Home auction companies are nationwide.  Many of these companies require a minimum bid, which is almost the appraised value of the home.  Many times these homes are purchased by anxious buyers who get caught up in the excitement of the bidding and overbid on a property.  They pay the appraised value or more for a home. 

Auctions by municipalities offer far more lucrative opportunities.  These homes are sold for back taxes and to clear liens.  Homes worth $250,000 can be purchased for $100,000.  Successful bidders must fund the home purchases within 24-48 hours.  This means that a bidder must have a line of credit in place when bidding.  Because the properties are usually sold “as is”, with utilities not turned on; no appraisals can be done.  This combined with the rapid requirement for funds, makes traditional mortgage financing unavailable.

Unlisted Foreclosures 

When you review the www.foreclosuresus.com database further, you will notice that many smaller banks do not include their REO listings. They may have too few foreclosures to have  a REO department.  You should contact these institutions directly and ask who is the person designated to dispose of these properties.  Again, your effort may reap you information about properties that are not in any public database.

Determining the Best Bargains

The key to obtaining a bargain is knowing the value of the property minus the required repairs and comparing that to the asking price/starting bid.

Online appraisals are now available throughout the Internet.  For about $10 you can receive a summary of the recent sale of homes in the immediate area.  These appraisals are compilations of public records of property sales and are meant to be used for estimating purposes only. 

Review the sales using the most recent and those closest to the property you are interested in as the most reliable.  Remember to adjust for differences in square footage and features. Overestimate the cost of repairs in your calculations.  As any home renovators will tell you, repair costs always exceed what you anticipate by 30% or more.

Properties that have been vacant for an extended period of time may have many hidden problems not seen during an inspection.  If you can, ask a neighbor about a property.
Also, if there are contractors working on the property, ask them about the property.
I have had contractors tell me about termite damage and mold problems that were not visible.  Of course, do not bid on properties with these types of problems.  The repairs are far too expensive.

Your Goal/Residence/Rental/Resale/Retirement

Your goal in buying a foreclosure is to benefit from the sale of property at below market value to use as your residence, as a rental property or to resell for a profit. You must do the investigative work yourself to garner a solid investment.  Many investors have merely purchased 2-3 good investments in their lifetime and completely funded their retirement with the proceeds.  Whatever your goal is, it is worth the effort it requires.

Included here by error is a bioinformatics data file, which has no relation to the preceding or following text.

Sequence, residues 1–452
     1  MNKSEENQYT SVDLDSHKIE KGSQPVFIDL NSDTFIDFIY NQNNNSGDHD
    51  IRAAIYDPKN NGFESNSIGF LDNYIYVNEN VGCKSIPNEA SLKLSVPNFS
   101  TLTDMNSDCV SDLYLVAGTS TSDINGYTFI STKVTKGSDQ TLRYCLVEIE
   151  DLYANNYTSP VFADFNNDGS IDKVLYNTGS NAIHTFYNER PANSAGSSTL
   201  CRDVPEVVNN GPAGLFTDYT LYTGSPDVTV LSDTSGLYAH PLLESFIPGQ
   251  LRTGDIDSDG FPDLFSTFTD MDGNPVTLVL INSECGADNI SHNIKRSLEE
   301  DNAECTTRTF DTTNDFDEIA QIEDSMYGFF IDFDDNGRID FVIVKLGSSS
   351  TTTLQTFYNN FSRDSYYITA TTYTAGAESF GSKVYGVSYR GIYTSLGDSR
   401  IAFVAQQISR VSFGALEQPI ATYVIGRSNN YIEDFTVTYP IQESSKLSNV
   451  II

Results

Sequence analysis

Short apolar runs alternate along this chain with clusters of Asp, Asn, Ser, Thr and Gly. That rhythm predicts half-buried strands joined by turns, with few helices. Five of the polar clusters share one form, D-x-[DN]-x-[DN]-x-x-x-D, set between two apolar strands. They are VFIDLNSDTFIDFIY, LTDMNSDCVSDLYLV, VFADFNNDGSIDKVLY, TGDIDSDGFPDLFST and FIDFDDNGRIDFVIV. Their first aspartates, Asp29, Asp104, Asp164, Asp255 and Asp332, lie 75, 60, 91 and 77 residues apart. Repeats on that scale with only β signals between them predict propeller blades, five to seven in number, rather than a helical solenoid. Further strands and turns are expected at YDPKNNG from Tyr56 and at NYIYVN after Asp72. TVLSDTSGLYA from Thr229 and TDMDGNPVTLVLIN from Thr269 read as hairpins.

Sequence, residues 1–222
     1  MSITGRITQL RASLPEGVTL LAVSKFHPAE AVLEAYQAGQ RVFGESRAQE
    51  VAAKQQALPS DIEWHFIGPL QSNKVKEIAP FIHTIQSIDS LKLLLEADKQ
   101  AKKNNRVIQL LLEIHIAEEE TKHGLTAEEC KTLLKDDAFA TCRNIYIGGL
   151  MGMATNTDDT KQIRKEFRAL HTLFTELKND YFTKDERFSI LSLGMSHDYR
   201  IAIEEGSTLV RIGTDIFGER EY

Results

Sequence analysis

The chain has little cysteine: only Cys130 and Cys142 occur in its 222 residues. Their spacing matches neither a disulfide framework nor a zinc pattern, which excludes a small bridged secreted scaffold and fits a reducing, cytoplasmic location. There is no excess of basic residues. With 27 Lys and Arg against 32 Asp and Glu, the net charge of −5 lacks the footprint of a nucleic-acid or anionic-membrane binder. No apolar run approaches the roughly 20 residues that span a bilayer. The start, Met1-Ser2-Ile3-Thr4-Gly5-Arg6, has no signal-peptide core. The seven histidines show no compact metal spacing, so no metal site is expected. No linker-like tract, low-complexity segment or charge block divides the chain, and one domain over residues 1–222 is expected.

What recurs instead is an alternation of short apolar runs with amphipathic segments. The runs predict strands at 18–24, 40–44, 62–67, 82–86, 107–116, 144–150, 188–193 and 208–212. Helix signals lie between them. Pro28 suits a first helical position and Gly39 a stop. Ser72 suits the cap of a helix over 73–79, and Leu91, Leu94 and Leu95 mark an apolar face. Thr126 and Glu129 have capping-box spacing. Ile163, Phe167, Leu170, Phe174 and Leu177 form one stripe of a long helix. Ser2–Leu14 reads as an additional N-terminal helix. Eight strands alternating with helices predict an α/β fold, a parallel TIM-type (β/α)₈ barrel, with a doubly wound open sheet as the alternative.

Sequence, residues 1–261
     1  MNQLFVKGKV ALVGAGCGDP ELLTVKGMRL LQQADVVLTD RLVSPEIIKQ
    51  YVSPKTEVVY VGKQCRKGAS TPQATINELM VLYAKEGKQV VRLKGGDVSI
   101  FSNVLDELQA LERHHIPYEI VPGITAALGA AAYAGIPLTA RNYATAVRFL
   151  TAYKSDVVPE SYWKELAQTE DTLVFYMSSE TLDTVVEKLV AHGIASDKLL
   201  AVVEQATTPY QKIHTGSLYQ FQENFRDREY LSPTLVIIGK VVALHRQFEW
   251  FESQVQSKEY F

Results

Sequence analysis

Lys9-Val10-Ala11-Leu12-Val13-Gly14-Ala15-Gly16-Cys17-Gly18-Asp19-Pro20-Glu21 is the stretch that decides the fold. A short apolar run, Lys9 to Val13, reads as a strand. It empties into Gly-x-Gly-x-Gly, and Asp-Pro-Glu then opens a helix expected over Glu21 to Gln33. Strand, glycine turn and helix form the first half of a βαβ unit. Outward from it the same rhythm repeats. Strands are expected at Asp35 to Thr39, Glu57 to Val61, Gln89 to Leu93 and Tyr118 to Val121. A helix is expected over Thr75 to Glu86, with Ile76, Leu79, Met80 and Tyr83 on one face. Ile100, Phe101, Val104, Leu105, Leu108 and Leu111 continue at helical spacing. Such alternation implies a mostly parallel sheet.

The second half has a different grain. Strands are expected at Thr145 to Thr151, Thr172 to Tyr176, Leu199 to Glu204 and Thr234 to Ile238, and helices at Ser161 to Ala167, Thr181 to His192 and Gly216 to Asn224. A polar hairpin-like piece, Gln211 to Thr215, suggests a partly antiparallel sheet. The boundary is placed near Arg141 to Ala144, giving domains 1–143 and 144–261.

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Glossary

Abandonment   A situation in which a homeowner leaves a home without any intention of returning.  If there is a mortgage on the property a foreclosure will occur.  Many times these are called “key tosses”, where the keys to the house are left inside or mailed to the mortgage lender.

Auction   The process of selling a property the highest bidder.  In the case of foreclosures, there may be starting price, which is the lowest amount the lender will accept.   In an Absolute Auction of a foreclosure, there is no minimum price.

Bill of Complaint   The initial paperwork that is filed in many states to the foreclosure process.

Clean-out, Trash out  Business of removing debris from foreclosed homes. Learn more. http://www.kptv.com/story/15369745/is-it-true-i-can-make-money-by-cleaning-foreclosed-homes

Compromise Sale   A VA property sale in which the amount on the VA loan is greater than the home’s sale price.  The VA may cover the loss.

Deed in Lieu of Foreclosure   Instead of waiting until the lender forces the sale of a house in the foreclosure process, the borrower deeds the property to the lender.

Deed of Trust   A deed of trust is a regarded a three-party mortgage arrangement between the borrower, the lender and a trustee.  If the borrower fails to pay his mortgage, the trustee is preauthorized by the borrower to sell the house and apply the sales proceeds to pay off what remains unpaid on the loan secured by the deed of trust of give the deed to the lender in exchange for cancellation of some or all of the borrower’s debt.